Book review 'Being Mortal: Medicine and What Matters in the End'
DECCAN CHRONICLE | Patralekha Chatterjee
It was a cold November evening in 2010 in Montreux, famed for its jazz festival and statue of rock icon Freddie Mercury. But it was not music that had brought me to the Swiss city. I was part of a group of journalists invited to the First Global Symposium on Health Systems Research. It was the official dinner. There was delightful company and a tempting spread. As we all settled down at various tables, a surgeon began speaking. The topic — "Why Health Systems Fail" — was the sort which could launch a thousand yawns. But this time, the audience was all ears.
The man at the podium, Dr Atul Gawande, was a surgeon and a storyteller. He made his point with a masterly mix of stories, images and facts. After the talk ended, a huge crowd flanked him. But by the time, I had got to him, negotiating my way through the throng it was too late. We exchanged smiles. Gawande said he was in a rush, had a plane to catch. I missed my chance to interview the man.
In the years that followed I read a lot about Gawande and his work. He has emerged as a a star among that select breed of doctor-writers. He works at the Brigham and Women’s Hospital in Boston and writes for The New Yorker. I loved The Checklist Manifesto: How to Get Things Right, his best-seller which powerfully argues for checklists as a way to navigate complexity in healthcare matters and beyond.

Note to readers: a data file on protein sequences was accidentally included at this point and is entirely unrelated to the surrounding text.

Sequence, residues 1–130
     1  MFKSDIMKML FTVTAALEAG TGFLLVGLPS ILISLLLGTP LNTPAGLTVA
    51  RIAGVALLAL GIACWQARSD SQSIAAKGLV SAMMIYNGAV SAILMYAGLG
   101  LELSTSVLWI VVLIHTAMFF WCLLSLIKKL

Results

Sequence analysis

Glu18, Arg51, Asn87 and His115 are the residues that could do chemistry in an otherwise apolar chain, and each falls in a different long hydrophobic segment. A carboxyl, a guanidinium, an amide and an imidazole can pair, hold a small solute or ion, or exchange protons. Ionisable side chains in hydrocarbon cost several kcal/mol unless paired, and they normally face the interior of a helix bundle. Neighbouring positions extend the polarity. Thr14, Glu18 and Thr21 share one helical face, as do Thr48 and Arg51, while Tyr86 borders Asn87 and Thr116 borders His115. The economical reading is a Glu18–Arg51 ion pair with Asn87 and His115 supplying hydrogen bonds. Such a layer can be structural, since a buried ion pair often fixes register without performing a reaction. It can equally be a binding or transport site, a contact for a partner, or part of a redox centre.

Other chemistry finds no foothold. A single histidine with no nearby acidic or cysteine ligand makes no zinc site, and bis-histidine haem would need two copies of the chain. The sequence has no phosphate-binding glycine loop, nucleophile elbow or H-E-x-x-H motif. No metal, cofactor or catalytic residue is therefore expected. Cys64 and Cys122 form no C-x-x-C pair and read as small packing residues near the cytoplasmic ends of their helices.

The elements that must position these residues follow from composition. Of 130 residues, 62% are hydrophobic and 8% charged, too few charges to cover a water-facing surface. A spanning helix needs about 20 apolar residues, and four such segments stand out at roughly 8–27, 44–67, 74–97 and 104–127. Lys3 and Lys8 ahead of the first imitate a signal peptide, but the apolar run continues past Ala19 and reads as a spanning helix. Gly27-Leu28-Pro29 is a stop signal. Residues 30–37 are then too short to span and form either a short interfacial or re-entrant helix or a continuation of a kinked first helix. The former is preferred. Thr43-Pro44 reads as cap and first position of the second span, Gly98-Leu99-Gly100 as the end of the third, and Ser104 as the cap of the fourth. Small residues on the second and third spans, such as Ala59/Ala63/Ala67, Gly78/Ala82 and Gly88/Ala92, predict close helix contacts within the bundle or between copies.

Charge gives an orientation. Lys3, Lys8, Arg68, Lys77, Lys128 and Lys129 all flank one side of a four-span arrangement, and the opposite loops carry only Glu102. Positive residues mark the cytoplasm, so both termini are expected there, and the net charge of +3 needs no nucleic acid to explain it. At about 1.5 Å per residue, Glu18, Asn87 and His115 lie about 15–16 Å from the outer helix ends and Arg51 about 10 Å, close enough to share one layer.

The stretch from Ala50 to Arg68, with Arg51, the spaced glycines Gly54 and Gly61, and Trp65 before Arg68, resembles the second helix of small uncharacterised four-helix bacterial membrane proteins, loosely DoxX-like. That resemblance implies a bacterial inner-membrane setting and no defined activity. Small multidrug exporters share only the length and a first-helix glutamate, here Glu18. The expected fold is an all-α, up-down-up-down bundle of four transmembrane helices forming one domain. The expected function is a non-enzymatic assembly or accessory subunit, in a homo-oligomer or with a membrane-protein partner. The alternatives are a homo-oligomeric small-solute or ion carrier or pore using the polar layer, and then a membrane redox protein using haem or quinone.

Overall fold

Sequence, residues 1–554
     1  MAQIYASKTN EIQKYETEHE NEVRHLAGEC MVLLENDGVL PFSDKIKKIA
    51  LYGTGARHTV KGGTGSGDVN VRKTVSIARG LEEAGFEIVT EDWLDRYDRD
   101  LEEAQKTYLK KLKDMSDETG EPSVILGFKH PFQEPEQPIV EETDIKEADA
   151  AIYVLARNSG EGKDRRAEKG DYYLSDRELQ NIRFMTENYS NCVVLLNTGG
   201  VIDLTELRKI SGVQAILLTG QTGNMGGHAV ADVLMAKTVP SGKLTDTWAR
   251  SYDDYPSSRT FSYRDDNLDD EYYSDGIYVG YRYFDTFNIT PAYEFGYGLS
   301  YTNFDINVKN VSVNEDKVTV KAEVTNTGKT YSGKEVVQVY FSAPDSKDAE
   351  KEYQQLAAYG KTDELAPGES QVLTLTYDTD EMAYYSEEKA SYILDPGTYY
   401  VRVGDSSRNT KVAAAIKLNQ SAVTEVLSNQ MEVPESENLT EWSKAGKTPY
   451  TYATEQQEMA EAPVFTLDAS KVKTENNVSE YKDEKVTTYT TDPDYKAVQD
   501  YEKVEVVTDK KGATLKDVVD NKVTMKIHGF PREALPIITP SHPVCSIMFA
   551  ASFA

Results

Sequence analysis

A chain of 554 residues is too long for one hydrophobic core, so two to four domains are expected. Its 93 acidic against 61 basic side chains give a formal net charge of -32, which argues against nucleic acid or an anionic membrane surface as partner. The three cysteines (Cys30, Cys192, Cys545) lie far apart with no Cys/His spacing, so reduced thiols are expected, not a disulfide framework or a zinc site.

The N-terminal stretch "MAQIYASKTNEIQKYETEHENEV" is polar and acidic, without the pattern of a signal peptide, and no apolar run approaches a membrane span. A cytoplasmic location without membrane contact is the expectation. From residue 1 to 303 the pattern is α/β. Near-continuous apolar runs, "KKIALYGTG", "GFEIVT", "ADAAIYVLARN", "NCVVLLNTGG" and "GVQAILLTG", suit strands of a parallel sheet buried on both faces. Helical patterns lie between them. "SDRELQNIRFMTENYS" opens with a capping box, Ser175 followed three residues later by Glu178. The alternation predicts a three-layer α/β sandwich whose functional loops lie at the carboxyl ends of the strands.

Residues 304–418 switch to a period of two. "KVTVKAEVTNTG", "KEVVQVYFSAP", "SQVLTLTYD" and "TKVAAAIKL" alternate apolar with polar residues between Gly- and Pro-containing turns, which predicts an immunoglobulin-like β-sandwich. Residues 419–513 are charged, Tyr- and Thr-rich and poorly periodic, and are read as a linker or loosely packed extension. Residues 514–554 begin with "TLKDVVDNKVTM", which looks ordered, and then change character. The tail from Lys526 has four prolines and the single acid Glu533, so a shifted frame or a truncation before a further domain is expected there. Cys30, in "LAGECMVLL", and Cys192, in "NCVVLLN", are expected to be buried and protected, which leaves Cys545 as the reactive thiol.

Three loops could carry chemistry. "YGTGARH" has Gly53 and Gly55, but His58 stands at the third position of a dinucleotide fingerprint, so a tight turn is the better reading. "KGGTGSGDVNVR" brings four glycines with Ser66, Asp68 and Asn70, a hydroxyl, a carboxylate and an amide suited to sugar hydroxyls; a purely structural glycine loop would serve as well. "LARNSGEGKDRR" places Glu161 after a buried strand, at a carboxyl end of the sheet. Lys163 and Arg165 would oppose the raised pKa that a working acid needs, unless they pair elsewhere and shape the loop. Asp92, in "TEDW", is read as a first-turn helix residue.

Last week, I caught up with Gawande’s new book, Being Mortal: Medicine and What Matters in the End, which takes him to a whole new level.
Here is a man who is not only a surgeon-storyteller, but a philosopher speaking with a poignant, profound and contemporary voice about issues which concerns us all, no matter where we live or who we are. In nearly 300 pages, Gawande narrates many touching stories of death and life, of wisdom and wistful nostalgia like the one about his grandfather, who died at the age of 110, surrounded by family in his home in India.
Being Mortal may sound depressing. But the book is not so much about death as the art of dying. "It is not death that the very old tell me they fear. It is what happens short of death — losing their hearing, their memory, their best friends, their way of life." Gawande writes.
Old age and death are inevitable but we refuse to acknowledge the need to discuss ageing and dying. We don’t teach ourselves how to prepare to die. The book urges us to have hard conversations about death, dying, retirement, what can go wrong as we grow older. In his trademark style, Gawande mixes solid research with taut storytelling. We are invited to sit at the bedsides of his former patients, his family and his friends and experience their final days. There are passages which bring a lump to your throat... But as you turn the final page, you are not left with a feeling of despair. You realise that growing older, retirement, assisted leaving and even preparing for death can be positive experiences